2What is epidemiology?The study of factors affecting the health and illness of populations.Endemic: an infection is said to be "endemic" in a human population when that infection is maintained in the population without the need for external inputs.Epidemic: is a classification of a disease that appears as new cases in a given human population, during a given period, at a rate that substantially exceeds what is "expected," based on recent experience.Pandemic: is an epidemic that spreads through human populations across a large region (for example a continent), or even worldwide.
3What is Influenza?There are three types of influenza viruses: A, B and C.Influenza A and B viruses cause seasonal epidemics of disease almost every winter in the United States.Influenza type C infections cause a mild respiratory illness and are not thought to cause epidemics.
4What is the Avian Flu?Influenza A viruses are divided into subtypes based on two proteins on the surface of the virus: the hemagglutinin (H) and the neuraminidase (N).There are 16 different hemagglutinin subtypes and 9 different neuraminidase subtypesInfluenza A viruses can be further broken down into different strains. The current subtypes of influenza A viruses found in people are A (H1N1) and A (H3N2).
5How does the Avian Flu Virus (H5N1) Work? Neuraminidase: Helps virus bud from host cell (reproduce)Hemagglutinin : It is responsible for binding the virus to the cell that is being infected.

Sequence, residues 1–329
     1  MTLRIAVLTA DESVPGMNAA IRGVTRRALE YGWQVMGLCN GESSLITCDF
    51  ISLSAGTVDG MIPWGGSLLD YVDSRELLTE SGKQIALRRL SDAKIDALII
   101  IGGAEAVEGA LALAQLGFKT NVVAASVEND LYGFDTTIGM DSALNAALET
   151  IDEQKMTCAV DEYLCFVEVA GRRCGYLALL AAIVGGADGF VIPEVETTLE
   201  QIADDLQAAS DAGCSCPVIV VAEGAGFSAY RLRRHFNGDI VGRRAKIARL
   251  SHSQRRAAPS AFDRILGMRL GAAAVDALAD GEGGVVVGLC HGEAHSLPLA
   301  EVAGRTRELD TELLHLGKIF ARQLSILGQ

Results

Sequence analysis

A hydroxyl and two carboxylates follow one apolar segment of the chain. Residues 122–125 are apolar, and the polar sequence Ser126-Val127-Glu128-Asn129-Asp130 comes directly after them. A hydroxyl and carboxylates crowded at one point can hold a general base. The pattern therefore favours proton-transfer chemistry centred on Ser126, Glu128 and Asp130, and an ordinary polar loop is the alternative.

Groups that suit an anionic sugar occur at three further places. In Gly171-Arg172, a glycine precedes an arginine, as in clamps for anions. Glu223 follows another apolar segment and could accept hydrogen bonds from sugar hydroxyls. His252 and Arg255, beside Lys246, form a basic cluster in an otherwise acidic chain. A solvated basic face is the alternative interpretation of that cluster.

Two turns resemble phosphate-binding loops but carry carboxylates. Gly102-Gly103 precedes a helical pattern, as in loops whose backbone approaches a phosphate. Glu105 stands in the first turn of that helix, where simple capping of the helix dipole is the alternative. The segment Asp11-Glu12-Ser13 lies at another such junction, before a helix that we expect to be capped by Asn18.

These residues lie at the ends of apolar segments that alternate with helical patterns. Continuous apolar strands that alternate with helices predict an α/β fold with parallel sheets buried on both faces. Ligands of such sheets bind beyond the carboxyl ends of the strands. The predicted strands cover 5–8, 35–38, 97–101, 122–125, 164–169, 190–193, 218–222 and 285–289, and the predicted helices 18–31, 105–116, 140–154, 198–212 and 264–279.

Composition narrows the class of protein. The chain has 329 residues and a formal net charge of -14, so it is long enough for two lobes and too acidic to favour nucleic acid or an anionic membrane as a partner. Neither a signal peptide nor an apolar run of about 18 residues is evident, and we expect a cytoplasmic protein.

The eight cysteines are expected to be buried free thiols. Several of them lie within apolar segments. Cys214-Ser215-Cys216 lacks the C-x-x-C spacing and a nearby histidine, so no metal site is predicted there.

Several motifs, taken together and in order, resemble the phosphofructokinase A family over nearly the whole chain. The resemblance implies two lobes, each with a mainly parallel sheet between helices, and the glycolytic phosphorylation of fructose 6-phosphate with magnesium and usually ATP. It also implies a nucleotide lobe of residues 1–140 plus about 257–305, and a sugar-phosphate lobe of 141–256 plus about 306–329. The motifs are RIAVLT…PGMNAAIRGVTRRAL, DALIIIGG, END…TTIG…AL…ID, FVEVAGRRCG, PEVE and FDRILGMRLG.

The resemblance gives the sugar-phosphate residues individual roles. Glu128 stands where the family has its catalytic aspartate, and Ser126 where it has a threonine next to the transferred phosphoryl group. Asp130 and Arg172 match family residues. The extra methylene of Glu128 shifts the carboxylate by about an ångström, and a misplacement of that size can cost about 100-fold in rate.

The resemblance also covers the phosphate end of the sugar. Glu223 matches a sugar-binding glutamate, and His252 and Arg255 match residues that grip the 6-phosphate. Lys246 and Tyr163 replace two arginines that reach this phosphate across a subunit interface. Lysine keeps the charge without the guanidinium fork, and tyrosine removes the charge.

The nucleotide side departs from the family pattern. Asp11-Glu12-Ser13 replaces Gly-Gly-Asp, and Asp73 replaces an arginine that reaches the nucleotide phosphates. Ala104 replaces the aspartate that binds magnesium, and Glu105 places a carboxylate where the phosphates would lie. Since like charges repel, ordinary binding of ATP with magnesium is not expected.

6How Does Avian Flu Spread? Avian influenza, or “bird flu”, is a contagious disease of animals caused by viruses that normally infect only birds and, less commonly, pigs.Avian influenza viruses are highly species-specific, but have, on rare occasions, crossed the species barrier to infect humans.
7How can the Avian Flu “Jump” to Humans? Antigenic shift is the process by which two different strains of influenza combine to form a new subtype having a mixture of the surface antigens of the two original strains
8How is it transmitted? Through saliva, feces and blood Can last up to one week at body temperature, one month at zero degrees Celsius and does not degrade in arctic temperatures
9What is the risk of pandemic? The risk of pandemic influenza is serious.With the H5N1 virus now firmly entrenched in large parts of Asia, the risk that more human cases will occur will persist.Each additional human case gives the virus an opportunity to mutate and improve its transmissibility in humans, and thus develop into a pandemic strain.
10What signs have scientists noticed? Domestic ducks can now excrete large quantities of highly pathogenic virus without showing signs of illness, and are now acting as a “silent” reservoir of the virusWhen compared with H5N1 viruses from 1997 and early 2004, H5N1 viruses now circulating are more lethalH5N1 appears to have expanded its host range, infecting and killing mammalian species previously considered resistant to infection with avian influenza viruses.
11How can we prevent a pandemic? The clock starts ticking when the first human gets the “new” virus.Work on a vaccine cannot start until the emergence of a new virus, and we predict it would take six to nine months to develop it.The US, WHO and FAO have led global efforts to encourage countries to heighten surveillance for outbreaks in poultry and significant numbers of deaths in migratory birds and to rapidly introduce containment measures.